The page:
I often measure my reaction to a vehicle by the feeling I get when it's time to turn back the keys. And after about 90 minutes on the Spyder I was clearly sorry to let the three-wheeler go. But, I kept asking myself, would I pay $14,995 for the unusual machine? And are there enough other potential customers to justify the roughly US$180 million invested in the decade-long development program by BRP - the sports craft division spun off by Bombardier three years ago.

To his credit, BRP CEO Jose Boisjoli admits there's no clear answer. The company is taking a slow and "conservative" approach to rolling out Spyder. It will spend the next year aiming to build buzz for the product. Among other things, it will run a series of dealer events around the U.S. , inviting potential customers to take Spyder for a ride. It's also studying plans to set up a driving program, similar to ones Porsche and several other automakers operate. The target audience is made up of Boomers who might like the idea of open-air driving but just don't really like the idea of riding a motorcycle. Initial company studies suggest that sport bike riders won't switch to Spyder - but they also won't turn thumbs down - and that's critical because that "cool factor" is critical to the product's success.



So is functionality. With the large storage bin up front, there's enough space to pack a light weekend's necessities for two. On the other hand, the three-wheel configuration has at least one notable drawback. In places like California , motorcycles are popular with sport-minded commuters who can use them to weave in and out of traffic. You can't "split lanes" like that with the wider Spyder. And those who might see the new Can-Am Roadster as a high-mileage alternative to a four-wheeled roadster could be in for a disappointment. Spyder's mileage is estimated between 25 and 30 mpg, about what you'd get from a Mazda Miata. Who might drive the vehicle may also depend on individual state regulations. In some, you need only a standard driver's license to operate Spyder, in others, a motorcycle endorsement, even a special three-wheel permit, might be necessary.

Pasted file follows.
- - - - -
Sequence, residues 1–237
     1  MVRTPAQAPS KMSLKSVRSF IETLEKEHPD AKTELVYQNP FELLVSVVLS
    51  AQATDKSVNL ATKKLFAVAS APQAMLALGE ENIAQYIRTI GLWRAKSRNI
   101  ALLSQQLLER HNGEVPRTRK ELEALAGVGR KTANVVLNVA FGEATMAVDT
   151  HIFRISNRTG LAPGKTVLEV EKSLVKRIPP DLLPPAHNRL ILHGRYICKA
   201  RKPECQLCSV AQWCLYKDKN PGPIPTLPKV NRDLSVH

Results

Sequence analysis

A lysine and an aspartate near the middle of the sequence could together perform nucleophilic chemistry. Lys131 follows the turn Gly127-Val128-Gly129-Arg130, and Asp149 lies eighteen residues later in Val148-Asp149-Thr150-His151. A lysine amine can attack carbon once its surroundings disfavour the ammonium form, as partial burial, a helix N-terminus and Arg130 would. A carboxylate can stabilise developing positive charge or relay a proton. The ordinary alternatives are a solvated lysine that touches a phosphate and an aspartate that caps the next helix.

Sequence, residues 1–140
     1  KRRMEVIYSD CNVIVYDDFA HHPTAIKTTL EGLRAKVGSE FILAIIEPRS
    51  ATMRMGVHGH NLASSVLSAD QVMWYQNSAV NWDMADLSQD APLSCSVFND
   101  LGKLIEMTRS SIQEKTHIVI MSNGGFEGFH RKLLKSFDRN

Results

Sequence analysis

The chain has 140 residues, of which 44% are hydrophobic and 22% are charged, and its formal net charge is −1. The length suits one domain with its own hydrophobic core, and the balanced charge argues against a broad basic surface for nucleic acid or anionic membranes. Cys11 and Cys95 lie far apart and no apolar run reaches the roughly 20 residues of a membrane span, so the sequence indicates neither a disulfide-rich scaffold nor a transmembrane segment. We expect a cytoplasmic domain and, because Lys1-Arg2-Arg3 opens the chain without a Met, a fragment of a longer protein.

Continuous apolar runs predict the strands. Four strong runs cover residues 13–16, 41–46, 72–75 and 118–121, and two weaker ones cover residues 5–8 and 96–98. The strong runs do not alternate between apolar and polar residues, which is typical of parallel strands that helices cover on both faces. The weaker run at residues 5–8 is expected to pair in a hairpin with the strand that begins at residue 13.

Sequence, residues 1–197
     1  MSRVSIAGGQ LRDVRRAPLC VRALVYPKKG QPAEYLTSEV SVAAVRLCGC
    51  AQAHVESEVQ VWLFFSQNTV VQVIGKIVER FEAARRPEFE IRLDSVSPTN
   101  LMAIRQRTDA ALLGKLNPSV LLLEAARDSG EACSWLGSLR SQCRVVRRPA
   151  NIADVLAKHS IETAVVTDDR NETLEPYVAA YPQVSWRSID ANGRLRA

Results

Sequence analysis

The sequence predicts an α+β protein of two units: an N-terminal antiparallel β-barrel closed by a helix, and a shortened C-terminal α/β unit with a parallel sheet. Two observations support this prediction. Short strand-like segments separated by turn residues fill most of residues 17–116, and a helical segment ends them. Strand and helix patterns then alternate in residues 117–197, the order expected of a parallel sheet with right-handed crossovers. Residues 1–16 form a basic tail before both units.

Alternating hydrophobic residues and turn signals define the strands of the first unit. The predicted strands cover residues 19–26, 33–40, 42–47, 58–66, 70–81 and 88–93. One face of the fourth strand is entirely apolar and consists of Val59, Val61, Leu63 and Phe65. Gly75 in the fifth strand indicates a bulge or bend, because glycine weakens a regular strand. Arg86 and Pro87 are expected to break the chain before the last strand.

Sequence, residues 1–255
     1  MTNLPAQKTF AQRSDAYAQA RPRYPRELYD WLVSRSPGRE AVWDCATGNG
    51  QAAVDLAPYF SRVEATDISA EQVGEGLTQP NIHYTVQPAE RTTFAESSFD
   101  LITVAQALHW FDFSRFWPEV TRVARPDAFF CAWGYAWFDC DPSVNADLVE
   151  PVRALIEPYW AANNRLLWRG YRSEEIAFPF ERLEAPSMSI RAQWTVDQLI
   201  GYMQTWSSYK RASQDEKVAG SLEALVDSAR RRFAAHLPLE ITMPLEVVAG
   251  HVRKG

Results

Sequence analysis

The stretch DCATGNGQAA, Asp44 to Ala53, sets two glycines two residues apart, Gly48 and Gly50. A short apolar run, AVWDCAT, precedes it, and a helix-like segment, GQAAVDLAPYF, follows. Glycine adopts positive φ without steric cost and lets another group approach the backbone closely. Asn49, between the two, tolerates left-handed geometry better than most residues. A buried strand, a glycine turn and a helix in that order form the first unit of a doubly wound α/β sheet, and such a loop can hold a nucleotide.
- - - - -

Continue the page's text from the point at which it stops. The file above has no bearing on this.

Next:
If Spyder cultivates the niche market BRP believes is ready and waiting, the company could readily ramp up production to about 50,000 a year, Boisjoli revealed, while sitting astride one of the three-wheelers.
BRP may not have the market all to itself, though, at least not for long. There are persistent rumors that other manufacturers - Harley and Ducati are frequently cited - may be looking at a similar Y-frame design. And Piaggio, the Italian manufacturer best-known for its Vespa scooters, has a three-wheeler coming, as well. While I've yet to test one, the approach appears slightly different than BRP's, with the front pair of wheels tilting to allow a more motorcycle-like ride while still enhancing vehicle stability.

Has BRP come up with a hot new segment - or built another Segway? I'll reserve judgment on the potential, long-term success of Spyder, but I've also got a call in asking for another chance to drive the machine when things warm up back home in Detroit . If it's any measure, I'm still smiling.